If you’re on this site, you’ve been reading what I have to say, but I highly encourage you to come hear everyone else. I’ve never met most of my fellow candidates and I’ve myself only decided what to do with about half my ballot, so I’m looking forward to this.

My own attentiveness to the Guild began at one of these off-year Candidates Nights, the one in 2000. There may have been more candidates at the front of the room than members in the seats. But listening to 16 members concerned enough about our Guild to make the commitment to run and to serve was the beginning of my education.

Tuesday, August 26, 2008

Failure of Democracy, Continued

Last month I wrote a post called “Failure of Democracy” which began:

“In the WGAw today, every single officer, every single member of the Board of Directors -- that’s 19 elected leaders in all -- either ran on a slate under the current president or under his endorsement.”

I went on to talk about how the Board had thus become a political tool rather than the philosophically heterogeneous deliberative body most of us naturally assume it to be.

Not surprisingly, this made current Board members unhappy. I know, because I’ve heard from a number of them. Some are friends, too, which doesn’t make this easy. I suppose I owe it to them, and to the rest of you reading, to back up my assertions a bit and to show that that first post wasn’t just political demagoguery.

See, it all actually started with a little cold analysis.

When I heard that most of the Writers United members were going to join together in a collective endorsement of eight candidates in this year’s election (a bit of an escalation from the off-year election of 2006), I got to wondering: how has Writers United’s heightened politicization of the Guild affected the way our Guild actually works?

Before diving in here, I want to point to the Guild Constitution, which says that the Board “shall have the exclusive power and authority to direct the affairs of the Guild,” and that the president “shall act as a spokesperson for the Guild.” Now, I don’t regard the WGA Constitution with the quasi-religious awe I save for the United States Constitution, but this seems like a good idea to me: a representative democracy selects sixteen of our best and brightest, and issue by issue they’ll deliberate until they find what they believe to be the best course.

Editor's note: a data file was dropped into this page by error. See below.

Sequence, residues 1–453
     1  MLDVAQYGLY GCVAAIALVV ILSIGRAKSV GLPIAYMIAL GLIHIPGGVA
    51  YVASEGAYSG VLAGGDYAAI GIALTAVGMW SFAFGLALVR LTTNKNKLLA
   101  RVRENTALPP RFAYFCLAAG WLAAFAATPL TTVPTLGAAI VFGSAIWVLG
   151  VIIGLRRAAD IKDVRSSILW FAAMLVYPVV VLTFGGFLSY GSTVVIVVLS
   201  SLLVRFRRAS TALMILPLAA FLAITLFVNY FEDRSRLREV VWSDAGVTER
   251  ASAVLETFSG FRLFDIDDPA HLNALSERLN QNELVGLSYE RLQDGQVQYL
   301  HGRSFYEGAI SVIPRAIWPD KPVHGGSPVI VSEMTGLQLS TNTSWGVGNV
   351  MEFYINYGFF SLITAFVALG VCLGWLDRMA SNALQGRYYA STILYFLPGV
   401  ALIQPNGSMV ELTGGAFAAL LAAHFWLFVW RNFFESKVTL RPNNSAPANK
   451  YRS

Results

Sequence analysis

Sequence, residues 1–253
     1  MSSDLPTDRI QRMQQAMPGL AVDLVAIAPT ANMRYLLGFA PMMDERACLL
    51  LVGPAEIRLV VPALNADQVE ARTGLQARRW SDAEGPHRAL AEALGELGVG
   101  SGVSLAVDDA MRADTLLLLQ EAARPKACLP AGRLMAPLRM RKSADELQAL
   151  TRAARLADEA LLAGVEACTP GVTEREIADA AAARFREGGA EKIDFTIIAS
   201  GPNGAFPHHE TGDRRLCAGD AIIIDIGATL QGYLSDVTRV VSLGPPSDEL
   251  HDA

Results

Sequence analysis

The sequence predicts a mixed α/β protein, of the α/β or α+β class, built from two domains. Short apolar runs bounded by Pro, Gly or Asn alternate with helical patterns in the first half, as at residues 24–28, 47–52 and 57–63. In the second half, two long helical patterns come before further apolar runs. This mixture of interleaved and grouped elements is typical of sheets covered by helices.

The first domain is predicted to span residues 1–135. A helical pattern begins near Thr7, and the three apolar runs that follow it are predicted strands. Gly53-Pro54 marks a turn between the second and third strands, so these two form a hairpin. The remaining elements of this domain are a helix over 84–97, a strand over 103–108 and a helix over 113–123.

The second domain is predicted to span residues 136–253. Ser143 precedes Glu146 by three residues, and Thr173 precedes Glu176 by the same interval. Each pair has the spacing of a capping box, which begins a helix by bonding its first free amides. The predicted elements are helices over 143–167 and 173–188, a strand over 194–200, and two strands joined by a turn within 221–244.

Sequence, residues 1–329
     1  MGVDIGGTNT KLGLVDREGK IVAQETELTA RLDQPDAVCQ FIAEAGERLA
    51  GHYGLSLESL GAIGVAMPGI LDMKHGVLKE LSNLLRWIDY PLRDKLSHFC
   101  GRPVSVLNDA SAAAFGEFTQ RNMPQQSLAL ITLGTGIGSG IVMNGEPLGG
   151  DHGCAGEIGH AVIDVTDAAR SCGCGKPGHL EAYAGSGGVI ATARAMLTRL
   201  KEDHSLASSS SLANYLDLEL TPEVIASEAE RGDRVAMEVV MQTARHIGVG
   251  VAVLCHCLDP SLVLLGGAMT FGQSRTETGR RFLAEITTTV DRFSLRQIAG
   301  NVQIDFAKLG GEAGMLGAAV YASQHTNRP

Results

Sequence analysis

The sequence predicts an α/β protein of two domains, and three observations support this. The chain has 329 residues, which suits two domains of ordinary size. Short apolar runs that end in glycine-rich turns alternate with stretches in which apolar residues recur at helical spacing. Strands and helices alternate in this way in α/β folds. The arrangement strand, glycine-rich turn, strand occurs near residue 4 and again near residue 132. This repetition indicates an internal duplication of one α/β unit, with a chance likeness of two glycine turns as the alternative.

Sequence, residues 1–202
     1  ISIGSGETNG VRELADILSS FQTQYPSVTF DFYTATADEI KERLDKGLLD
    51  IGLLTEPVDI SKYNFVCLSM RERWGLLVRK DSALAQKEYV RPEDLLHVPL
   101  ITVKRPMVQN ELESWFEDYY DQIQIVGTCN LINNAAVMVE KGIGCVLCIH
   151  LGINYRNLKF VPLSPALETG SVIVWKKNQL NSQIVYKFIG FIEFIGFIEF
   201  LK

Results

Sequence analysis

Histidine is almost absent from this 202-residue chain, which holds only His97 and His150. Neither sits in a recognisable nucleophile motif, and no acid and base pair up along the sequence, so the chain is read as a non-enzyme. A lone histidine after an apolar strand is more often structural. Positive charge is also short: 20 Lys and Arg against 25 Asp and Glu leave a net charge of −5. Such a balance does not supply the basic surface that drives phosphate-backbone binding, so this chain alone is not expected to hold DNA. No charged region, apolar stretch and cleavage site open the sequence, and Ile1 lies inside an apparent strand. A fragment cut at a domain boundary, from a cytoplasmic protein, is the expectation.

You’re probably ahead of me right now, aren’t you? Well, here goes anyway. (Bear with me; it gets a little geeky.)

The minutes of all Board meetings are available on the WGA website. So I sat down for an hour one night with a legal pad, and buzzed through, counting votes at each meeting: how many were unanimous, how many were near-unanimous (one or two “no” votes on a resolution), and how many were contested (defined very liberally as three or more “no” votes). I did this for the first 25 meetings after which it was true that every single member had been elected with the current president’s endorsement (9/25/06-5/19/08).

Then, for comparison’s sake, I went back and did the same thing for the last 25 meetings of the pre-Writers United Board (1/26/04- 8/29/05).

Remember, these 20 months of the Writers United Board encompassed the lead-up to a strike, the strike itself, and its aftermath –- a time in which wrenching policy questions arose continually. Will we accept early negotiations if the studios offer them? Do we tack closer to SAG or to the DGA? What will our strike rules look like? How will we discipline writers who break them? Will we ask showrunners not to complete non-writing services on shows already produced, and risk lawsuits for breach? What legal services will we provide those who do? Will we support location pickets, trying to shut down productions? Will we first consult the member-writers whose work we’d be shutting down? What about interim deals –- should we offer them? And to whom -- to Letterman, but not Leno? And on and on: once the fit hits the shan, there are scores and scores and scores of tough ones like these.